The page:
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Current Events

SBA’s Paycheck Protection Program

For more information: 

Community Banker of Iowa (CBI)

or Iowa Bankers Association (IBA)


Farm Stress Management with Personalities in Mind

Webinar from the Iowa Farm Bureau

Login or become a  member of the Iowa Farm Bureau to watch this webinar.


Farmland Leasing Meeting

Iowa State University Extension and Outreach

Thursday, August 13, 6:30 p.m.

Kossuth County Extension Office

1121 HWY 18 E, Algona


Participants will park and remain in their vehicle.  A low range FM channel will be provided, so participants can tune in and listen to the speaker.

A 100-page workbook to compliment the program will be included with registration.  The workbook includes land leasing information, such as surveys, sample written lease agreement and termination forms.

Meeting Topics:

  • Trends in cash rental rates and land values

  • Methods for determine a fair rental rate

Registration Information:

  • Fee is $20 per person

  • Pre-register by Tuesday, August 11, 4:00 p.m.

  • To register contact the Kossuth County Extension Office (515) 295-2469 or visit

For more information:


For a Cause - July

Sun Safety

For A Cause - June

National Cancer Survivor Month

Farmers State Bank staff is supporting National Cancer Survivor Month.  We are taking a moment to honor survivors' determination and courage.

For more information go to American Cancer Society:

Use this link to listen to some first hand accounts:

From the CDC, "The rate of cancer deaths per 100,000 people in the United States is expected to keep going down."  Further information on Expected New Cancer Cases and Deaths in 2020:,per%20100%2C000%20people%20in%202020.

For a Cause - May

Mental Health Awareness Month

COVID-19 and your mental health

By Mayo Clinic Staff

Recognizing what's typical and what's not

Stress is a normal psychological and physical reaction to the demands of life. Everyone reacts differently to difficult situations, and it's normal to feel stress and worry during a crisis. But multiple challenges daily, such as the effects of the COVID-19 pandemic, can push you beyond your ability to cope.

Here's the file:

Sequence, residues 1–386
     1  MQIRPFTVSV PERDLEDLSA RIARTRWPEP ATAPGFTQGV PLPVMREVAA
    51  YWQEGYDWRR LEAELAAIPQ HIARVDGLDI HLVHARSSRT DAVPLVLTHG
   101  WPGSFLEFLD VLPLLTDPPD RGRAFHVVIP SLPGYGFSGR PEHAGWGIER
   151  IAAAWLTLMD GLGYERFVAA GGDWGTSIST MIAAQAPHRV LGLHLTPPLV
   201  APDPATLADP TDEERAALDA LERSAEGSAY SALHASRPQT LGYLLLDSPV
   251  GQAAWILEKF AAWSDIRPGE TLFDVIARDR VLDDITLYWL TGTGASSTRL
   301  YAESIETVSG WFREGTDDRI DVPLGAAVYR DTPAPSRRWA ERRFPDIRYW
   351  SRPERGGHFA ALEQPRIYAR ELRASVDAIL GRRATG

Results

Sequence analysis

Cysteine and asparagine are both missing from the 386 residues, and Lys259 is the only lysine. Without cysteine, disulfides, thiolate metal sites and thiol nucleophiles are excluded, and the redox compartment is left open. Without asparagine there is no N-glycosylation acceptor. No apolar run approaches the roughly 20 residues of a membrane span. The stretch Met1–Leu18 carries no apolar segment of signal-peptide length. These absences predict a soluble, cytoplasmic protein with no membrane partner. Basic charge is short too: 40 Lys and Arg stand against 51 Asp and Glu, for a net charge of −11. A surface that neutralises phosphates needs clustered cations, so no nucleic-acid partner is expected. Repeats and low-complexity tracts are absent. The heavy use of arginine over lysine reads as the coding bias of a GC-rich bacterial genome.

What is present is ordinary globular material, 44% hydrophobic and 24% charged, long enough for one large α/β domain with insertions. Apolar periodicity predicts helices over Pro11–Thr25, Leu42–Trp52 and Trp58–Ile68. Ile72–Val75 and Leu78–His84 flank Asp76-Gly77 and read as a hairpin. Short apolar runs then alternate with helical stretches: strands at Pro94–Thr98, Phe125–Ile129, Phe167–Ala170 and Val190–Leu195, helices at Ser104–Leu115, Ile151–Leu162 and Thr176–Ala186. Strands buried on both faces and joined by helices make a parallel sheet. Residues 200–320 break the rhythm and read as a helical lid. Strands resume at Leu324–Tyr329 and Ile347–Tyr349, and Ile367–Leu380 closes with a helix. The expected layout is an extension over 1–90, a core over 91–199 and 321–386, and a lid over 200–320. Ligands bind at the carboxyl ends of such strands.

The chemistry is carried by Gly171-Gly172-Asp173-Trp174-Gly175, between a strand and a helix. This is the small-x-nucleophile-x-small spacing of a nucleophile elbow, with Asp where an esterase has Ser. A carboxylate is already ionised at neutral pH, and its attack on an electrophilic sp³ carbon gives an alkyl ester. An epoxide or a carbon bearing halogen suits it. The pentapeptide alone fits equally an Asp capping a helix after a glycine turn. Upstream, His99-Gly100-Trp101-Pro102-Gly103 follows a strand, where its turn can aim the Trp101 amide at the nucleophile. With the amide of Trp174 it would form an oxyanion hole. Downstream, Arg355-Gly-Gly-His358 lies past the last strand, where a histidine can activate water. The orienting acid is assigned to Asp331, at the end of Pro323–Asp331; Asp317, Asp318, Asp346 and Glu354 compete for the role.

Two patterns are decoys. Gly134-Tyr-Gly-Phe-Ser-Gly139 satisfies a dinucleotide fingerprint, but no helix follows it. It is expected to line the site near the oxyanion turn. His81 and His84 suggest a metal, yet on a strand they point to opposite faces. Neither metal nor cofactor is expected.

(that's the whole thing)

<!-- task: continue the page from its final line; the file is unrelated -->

Many people may have mental health concerns, such as symptoms of anxiety and depression during this time. And feelings may change over time.

Despite your best efforts, you may find yourself feeling helpless, sad, angry, irritable, hopeless, anxious or afraid. You may have trouble concentrating on typical tasks, changes in appetite, body aches and pains, or difficulty sleeping or you may struggle to face routine chores.

When these signs and symptoms last for several days in a row, make you miserable and cause problems in your daily life so that you find it hard to carry out normal responsibilities, it's time to ask for help.

For more information click here.

Check out this extensive resource: or contact National Alliance on Mental Illness "NAMI" HelpLine: call (800) 950-NAMI Monday - Friday between 10:00 a.m. & 6:00 p.m. email [email protected]

If it is urgent that you talk to someone call the National Suicide Prevention Lifeline at 1-800-273-TALK (1-800-273-8255) or use its webchat at

For a Cause - April

Child Abuse Prevention Month

Parents have a right to be stressed. But don't take it out on your kids.

CNN Health 

By Melissa Merrick PhD and Robert Sege MD, PhD

Updated 9:02 AM ET, Tue April 7, 2020





Coronavirus (COVID-19)

Coronavirus is currently a big concern in American society. It is officially a pandemic.  At Farmers State Bank, we have a pandemic plan ready to guide us through this event. Currently, we are operating as usual, as long as we are not endangering the health of our customers or staff.